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Stop the Finger Pointing and Just Fix It. Yes, Now…

Somebody Screwed Up..

Last week I wrote about talking at your clients rather than with them. Listening to them and being engaged in the conversation is important. Just as important are the words you choose, and how you respond. I can’t tell you how many phone conversations I’ve overheard between agents and clients that made me cringe. The point was driven home for me yesterday when I was on the receiving end of a bad customer service experience.

But It Wasn’t My Fault!

Without going into details about which company just lost my account… a problem arose, and I called for help. It was a situation in which a supervisor needed to step in on my behalf to make it right. After a series of missteps by other employees of his firm, the reaction of the supervisor was to try to find out WHO had dropped the ball (and was adamant that it wasn’t him!) rather than try to fix the problem. At that point, I didn’t care whose fault it was, I just wanted the situation rectified, quickly. All that he was hearing, though, was that I was upset, and he didn’t want to be blamed.

Just Fix It, Okay?

He wasn’t hearing me. It took me interrupting to say, “Can you do (this) to fix it?” before he gave a solution any thought. Why did I have to refocus him on the task at hand? How many times, working with our clients, are we more worried about making sure that we haven’t been the cause of the problem, rather than focusing on being part of the solution? Fixing the problem is what the client wants, and in many cases that diffuses the anger that the situation has occured at all. Just starting with a “how can I help?” is a fantastic beginning to most of these conversations: now you know exactly what your client wants. Go do your best to make it happen.

I can promise you the next time a client calls me and has a problem, I’m going to do everything in my power to fix it, or find out how to help them fix it, before I even think about why the problem happened. Certainly, if it was something preventable, I can look at that later and try to make sure it doesn’t happen again. But I’ll make sure my client is happy first.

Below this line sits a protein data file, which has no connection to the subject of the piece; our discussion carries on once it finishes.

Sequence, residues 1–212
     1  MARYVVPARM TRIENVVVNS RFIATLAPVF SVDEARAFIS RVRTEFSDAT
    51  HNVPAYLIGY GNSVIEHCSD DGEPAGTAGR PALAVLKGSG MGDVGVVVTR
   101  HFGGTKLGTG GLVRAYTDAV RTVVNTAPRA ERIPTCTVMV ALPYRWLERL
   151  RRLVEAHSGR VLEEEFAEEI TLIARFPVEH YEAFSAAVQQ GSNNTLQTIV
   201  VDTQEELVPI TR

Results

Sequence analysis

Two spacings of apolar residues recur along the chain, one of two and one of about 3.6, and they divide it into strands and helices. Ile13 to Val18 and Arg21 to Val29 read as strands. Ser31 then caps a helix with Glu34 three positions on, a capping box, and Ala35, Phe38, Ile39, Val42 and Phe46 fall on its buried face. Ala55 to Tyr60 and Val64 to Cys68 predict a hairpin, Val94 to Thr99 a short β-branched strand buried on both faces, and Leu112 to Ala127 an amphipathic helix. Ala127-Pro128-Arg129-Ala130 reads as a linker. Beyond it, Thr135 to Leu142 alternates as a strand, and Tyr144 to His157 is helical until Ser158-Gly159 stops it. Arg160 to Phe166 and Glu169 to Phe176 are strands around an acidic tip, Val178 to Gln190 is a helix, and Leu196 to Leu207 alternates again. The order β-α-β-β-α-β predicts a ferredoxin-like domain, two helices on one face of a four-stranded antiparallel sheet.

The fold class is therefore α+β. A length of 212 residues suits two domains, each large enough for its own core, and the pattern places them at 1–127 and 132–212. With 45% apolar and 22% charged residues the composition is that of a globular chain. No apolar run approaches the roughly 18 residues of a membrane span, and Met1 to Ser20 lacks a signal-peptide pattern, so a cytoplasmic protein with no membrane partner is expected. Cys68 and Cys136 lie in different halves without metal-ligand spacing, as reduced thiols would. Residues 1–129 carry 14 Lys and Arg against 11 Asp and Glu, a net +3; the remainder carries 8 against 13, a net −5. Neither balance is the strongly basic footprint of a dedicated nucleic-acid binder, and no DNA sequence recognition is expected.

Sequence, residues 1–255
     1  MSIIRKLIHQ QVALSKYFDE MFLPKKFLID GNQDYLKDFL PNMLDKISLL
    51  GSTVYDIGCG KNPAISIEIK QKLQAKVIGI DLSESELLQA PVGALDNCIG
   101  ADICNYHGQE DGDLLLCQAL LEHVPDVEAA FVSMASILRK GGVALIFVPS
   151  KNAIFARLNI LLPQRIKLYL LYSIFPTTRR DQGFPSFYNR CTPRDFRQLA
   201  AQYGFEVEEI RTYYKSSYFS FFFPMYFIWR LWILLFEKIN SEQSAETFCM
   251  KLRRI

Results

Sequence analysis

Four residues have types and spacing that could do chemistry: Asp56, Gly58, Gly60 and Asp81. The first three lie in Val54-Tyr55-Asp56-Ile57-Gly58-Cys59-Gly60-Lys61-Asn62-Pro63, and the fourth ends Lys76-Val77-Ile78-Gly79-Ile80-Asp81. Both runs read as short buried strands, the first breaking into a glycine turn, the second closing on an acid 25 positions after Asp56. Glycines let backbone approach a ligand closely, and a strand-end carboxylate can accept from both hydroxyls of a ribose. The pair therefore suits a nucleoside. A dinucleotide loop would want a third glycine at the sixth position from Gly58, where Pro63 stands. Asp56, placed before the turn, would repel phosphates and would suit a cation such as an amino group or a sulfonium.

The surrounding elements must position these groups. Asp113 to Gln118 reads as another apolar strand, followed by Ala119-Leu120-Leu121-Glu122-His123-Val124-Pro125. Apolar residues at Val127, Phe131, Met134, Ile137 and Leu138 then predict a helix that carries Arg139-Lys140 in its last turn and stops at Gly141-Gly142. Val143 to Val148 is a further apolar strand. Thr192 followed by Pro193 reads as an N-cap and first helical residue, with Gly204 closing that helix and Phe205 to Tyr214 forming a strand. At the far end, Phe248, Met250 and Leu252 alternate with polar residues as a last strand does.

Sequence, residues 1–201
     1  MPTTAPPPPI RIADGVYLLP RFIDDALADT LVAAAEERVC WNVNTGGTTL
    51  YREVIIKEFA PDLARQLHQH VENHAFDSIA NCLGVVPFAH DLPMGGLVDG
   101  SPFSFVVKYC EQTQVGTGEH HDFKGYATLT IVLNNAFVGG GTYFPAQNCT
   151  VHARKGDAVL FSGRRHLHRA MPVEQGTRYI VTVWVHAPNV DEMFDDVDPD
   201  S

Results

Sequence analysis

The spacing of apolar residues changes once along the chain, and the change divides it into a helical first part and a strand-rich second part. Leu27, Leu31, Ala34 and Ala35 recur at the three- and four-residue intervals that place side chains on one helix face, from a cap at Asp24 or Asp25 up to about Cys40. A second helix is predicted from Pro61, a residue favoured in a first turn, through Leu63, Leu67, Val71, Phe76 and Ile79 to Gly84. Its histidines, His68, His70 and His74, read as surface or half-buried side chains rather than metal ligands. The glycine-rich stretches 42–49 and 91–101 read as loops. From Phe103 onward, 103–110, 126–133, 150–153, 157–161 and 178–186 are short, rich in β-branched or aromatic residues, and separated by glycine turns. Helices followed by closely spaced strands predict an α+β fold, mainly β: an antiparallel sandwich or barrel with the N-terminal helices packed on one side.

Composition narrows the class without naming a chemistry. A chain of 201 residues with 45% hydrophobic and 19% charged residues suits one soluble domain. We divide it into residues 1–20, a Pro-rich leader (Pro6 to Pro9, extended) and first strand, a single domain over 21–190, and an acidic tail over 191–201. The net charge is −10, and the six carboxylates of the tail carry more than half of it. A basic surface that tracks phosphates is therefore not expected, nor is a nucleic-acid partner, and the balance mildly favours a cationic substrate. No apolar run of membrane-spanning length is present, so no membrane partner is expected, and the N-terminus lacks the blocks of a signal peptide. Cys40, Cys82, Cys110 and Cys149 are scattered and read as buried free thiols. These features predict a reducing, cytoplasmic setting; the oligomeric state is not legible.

image via: flickr

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Written By

Heather is a Realtor with Century 21 Redwood Realty in Ashburn, Virginia. She's also the 2008 VARBuzz Blog Brawl Champion, mom to four fantastic kids, and the wife of a golf professional. If she had free time, she'd probably read a good book or play golf. You can find her on twitter, @hthrflynn, or writing on her blog,



  1. Karen Highland

    October 30, 2008 at 8:52 am

    When you have the opposite experience, and you are served well by a superior, (which is admittedly rare) it sticks in your mind like a shiny coin. I had such an experience at, of all places…the DMV. The manager gave me personal attention and solved my issue in 5 minutes! I know…shock and awe was my response too. I now think fondly of the Department of Motor Vehicles, who would have thought?!

    We can inspire warm thoughts in others not when we ‘never make mistakes’, but when we own them and handle them well, redeeming them with outstanding service.

  2. Mark A.

    October 30, 2008 at 12:06 pm

    Overheard at a “lost baggage counter” of an airline at Chicago’s O’Hare airport, a while ago:

    Upset passenger: How could you guys have lost my suitcase. I need everything that’s in there, right now.

    Clerk: (very calmly) Ma’am, we’re doing everything in our power to find your suitcase.

    Passenger is now getting angrier by the minute, on the verge of name-calling…

    Clerk: (still very poised) Ma’am, right now, there are only two people in this world that are concerned about your lost suitcase. One of them is losing interest fast…

  3. Ozarksagent

    October 30, 2008 at 1:41 pm

    I think we have been hearing too many polical speeches, we are just like that character on TV, something is wrong and we just want them to “FIX IT!” Too funny!

  4. Missy Caulk

    October 30, 2008 at 4:08 pm

    Heather, asking them what you can do to fix it? Now that is a novelty.

  5. Paula Henry

    November 1, 2008 at 8:34 am

    The buck stops here! It doesn’t matter who os to blame, working together to find a solution is the only answer.

  6. Brett

    December 15, 2008 at 10:49 pm

    Run the numbers…
    If we have between 9 and 11 million homes expected to foreclose why not do what really needs to be done. If the current resident qualifies for the loan why not re-do the mortgage to reflect current values. There’s where the bailout money comes in, to cover the difference. Most of the millions to foreclose are people that could but are not going to make payments on a home they will probably never have equity. Like I said, run the numbers and it makes sense to me. Lots of people will be upset but it needs to be done.

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